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BEWARE! The importance of NO COMMENT whilst under caution by the police!

Netcu Watch | 24.04.2009 14:05 | G20 London Summit | Animal Liberation | Anti-militarism | Free Spaces

I know it has been said before but making comments under caution helps convict people every day. Have some sense and respect for your fellow protesters / friends / comrades / family etc who might be implicated by anything you say whilst under police caution.

More detailed Info here

Remember you wouldn't be in an interview if they had all the evidence they need to convict they are relying on you dropping yourself and others in the shite!

It is however worth making a short statement at the start of the interview which says.

"I , deny all accusations and will be remaining silent for the remainder of this interview."

That way if it goes to court they cannot say you didn't deny the accusations and they won't make inferences that you are guilty.

One thing that is not mentioned enough is that accepting a caution from police is an admission of guilt and will go on your record, if you accepted a caution it may affect your life in many ways especially if you are seeking a job as a carer or working with the vulnerable etc. Think before you throw away your rights to get out of the cells quicker. Sometimes it is worth going to court rather than trying to take the easy way out. Get a good solicitor that you trust and never use a duty solicitor.

All the best,


Netcu Watch
- e-mail: warn at riseup dot net
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Hide the following 4 comments


24.04.2009 16:04

Sections 35 to 37, The Criminal Justice and Public Order Act 1994

Section 35 allows an inference to be drawn when a defendant is silent at trial. However, this section prevents an inference from being drawn when it appears to the court that the physical or mental condition of the accused makes it undesirable for him to give evidence.

Section 36 allows an inference to be drawn when a person fails or refuses to account for objects, substances or marks found

* on his person; or
* in/on his clothing or footwear; or
* otherwise in his possession; or
* in any place at the time of his arrest,

and when an investigating officer reasonable believes that the presence of such a mark, or substance or object may be attributable to that person participation in the commission of an offence specified by the officer.

Section 37 allows an inference to be drawn when a defendant fails or refuses to account for his presence at a particular place where it is believed that he may have committed an offence.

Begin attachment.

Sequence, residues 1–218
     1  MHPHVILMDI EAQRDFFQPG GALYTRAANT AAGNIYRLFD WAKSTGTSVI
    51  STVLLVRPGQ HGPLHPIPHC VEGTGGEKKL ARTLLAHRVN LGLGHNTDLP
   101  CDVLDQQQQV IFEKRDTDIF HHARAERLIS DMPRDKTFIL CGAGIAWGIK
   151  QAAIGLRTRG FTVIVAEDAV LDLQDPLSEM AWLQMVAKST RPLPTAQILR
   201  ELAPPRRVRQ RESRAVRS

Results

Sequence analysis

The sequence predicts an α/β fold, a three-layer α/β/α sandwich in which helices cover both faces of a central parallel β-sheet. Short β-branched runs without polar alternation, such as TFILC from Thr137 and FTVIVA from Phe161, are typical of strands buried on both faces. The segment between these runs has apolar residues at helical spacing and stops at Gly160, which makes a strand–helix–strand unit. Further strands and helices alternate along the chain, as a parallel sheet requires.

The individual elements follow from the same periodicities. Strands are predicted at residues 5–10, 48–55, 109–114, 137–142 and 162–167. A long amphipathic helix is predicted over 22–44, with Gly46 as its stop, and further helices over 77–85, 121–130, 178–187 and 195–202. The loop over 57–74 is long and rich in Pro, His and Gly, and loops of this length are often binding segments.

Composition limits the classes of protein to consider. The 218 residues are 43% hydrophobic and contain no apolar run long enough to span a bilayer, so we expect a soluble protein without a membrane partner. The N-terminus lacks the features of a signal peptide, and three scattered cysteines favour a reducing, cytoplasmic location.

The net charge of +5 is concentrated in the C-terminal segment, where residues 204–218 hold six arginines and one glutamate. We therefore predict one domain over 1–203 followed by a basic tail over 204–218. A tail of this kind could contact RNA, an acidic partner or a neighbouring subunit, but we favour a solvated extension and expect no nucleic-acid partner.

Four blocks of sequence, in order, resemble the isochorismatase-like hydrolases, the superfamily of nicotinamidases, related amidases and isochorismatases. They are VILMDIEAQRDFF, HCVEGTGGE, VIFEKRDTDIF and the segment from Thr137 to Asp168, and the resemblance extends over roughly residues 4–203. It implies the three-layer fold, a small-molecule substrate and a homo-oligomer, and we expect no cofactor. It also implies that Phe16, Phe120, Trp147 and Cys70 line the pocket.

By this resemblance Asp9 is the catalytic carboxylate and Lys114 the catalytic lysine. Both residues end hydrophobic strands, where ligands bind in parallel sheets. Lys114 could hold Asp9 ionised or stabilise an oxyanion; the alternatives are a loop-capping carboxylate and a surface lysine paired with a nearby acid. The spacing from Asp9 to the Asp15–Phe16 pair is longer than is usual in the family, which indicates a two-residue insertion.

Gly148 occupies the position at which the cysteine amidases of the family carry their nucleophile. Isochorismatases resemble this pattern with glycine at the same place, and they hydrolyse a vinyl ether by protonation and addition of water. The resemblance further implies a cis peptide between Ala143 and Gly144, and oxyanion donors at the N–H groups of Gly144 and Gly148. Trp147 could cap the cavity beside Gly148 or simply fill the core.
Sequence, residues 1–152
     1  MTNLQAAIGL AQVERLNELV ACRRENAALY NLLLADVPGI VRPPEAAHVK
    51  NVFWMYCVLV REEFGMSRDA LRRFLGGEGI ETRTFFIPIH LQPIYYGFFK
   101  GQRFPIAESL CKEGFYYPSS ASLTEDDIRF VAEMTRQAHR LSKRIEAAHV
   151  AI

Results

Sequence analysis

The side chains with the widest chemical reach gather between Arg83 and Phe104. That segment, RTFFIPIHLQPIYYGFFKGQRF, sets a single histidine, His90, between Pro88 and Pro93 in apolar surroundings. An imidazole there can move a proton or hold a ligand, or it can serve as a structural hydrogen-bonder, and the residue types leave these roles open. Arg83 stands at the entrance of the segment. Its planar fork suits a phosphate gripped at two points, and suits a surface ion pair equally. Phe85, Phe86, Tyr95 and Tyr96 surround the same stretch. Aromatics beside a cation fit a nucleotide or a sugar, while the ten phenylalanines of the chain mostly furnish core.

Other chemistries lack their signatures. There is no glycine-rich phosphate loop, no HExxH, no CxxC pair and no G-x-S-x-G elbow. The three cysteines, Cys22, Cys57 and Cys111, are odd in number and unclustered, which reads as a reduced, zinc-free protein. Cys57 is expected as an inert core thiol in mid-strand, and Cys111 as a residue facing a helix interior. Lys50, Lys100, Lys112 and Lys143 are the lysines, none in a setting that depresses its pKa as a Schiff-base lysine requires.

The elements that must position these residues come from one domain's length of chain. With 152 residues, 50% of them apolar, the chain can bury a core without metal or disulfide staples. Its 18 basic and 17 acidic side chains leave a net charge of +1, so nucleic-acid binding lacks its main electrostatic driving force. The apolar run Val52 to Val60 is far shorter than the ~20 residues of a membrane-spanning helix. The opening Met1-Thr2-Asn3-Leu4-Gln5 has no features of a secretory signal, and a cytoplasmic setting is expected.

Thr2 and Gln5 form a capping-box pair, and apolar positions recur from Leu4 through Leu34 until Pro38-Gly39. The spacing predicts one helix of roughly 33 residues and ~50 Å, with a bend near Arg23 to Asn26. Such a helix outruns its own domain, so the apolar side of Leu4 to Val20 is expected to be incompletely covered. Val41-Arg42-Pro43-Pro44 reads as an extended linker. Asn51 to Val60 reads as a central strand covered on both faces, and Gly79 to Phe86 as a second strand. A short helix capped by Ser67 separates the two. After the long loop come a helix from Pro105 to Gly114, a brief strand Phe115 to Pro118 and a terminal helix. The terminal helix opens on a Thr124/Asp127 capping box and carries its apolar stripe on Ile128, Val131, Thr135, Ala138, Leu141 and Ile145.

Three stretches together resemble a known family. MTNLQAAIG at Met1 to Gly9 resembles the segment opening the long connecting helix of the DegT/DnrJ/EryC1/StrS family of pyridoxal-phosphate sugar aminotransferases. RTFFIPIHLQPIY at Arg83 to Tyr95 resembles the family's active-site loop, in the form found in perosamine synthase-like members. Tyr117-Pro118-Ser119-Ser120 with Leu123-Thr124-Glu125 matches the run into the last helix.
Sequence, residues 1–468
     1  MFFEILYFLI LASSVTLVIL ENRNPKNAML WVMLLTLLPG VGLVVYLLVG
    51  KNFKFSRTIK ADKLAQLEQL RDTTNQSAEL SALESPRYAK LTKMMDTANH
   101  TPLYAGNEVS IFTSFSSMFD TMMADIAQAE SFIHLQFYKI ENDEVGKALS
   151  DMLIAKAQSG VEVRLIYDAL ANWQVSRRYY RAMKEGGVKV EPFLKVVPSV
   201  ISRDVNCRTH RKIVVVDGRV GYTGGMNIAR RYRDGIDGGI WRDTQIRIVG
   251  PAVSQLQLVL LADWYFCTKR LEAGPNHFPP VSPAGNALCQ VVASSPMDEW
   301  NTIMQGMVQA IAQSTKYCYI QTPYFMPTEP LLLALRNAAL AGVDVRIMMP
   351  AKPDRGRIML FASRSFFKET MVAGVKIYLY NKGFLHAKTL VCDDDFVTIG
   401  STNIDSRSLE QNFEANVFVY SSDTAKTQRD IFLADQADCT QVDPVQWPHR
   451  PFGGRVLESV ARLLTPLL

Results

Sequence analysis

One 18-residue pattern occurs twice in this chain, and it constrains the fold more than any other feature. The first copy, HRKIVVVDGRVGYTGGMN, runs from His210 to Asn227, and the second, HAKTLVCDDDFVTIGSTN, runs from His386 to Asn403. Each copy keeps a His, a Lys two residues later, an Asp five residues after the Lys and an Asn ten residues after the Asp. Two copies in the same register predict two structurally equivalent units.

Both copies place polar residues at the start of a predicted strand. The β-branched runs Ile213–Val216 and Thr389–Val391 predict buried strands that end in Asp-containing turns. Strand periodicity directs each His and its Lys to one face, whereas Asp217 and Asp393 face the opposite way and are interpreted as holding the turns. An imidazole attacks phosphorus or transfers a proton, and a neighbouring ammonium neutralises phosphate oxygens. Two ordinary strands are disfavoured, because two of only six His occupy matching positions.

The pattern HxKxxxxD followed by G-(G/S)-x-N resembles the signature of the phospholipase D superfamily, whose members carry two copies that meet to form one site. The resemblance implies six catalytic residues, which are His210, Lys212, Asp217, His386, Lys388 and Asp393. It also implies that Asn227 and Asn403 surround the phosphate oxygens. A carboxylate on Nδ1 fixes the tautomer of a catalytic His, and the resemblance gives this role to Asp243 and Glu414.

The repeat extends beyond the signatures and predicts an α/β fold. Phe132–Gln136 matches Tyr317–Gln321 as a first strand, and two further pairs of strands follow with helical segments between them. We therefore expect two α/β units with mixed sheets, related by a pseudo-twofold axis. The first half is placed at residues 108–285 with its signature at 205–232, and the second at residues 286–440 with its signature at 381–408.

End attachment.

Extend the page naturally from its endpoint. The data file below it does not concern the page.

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And if you are ever over here

24.04.2009 16:34

SAY NOTHING (except to your lawyer).

Unlike with your system, here in the US there is no inference allowed to be drawn for your refusal to answer anything or your refusal to "aid the police with their inquiries". In many parts of the country even ordinary folks on a jury won't draw inferences (they will have been ordered not to, but you know how folks are) as non cooperation is expected "out of orneriness" -- not just the guilty exercising their right to remain silent.


Re the inference

26.04.2009 18:50

I have been warned a few times in interview about this, the courts drew no inference whatsoever. It is in my experience a very idle threat, maybe others have had different experiences. Quite simply unless you really know what you are doing in interview anything you say will be used in evidence AGAINST you and your friends. A simple admission that you know someone could really fuck things up if a conspiracy charge is on the cards especially if they say they don't know you, for a start they have proved that one of you is a liar which they will use. Remember an interview is to gather evidence for a charge why hand it to them?
If anything you say later differs from what you say in interview, or what others have said in interview again you could be in trouble defending your case. Innocent comments are twisted by the CPS, make their lives interesting, tell them nought until you are in the witness stand where you will have ample opportunity to defend your actions, hopefully.

Lynn Sawyer

Talking too much vs talking too little

28.04.2009 00:07

If you are doing an accountable action then there are a couple of good reasons to comment when being arrested. Some actions are partly motivated by the desire to get an argument into the legal record. Primarily, it ensures that anything that you do say is read out in court. A judge won't always allow you to speak in court but they have to read out any statement you make on your arrest. For what it is worth, that then forms part of the historical record, and there is always the outside chance that a citizen journalist may report it. Blocking up the courts is a recognised tactic , one that serious newbies should beware and be aware of imao.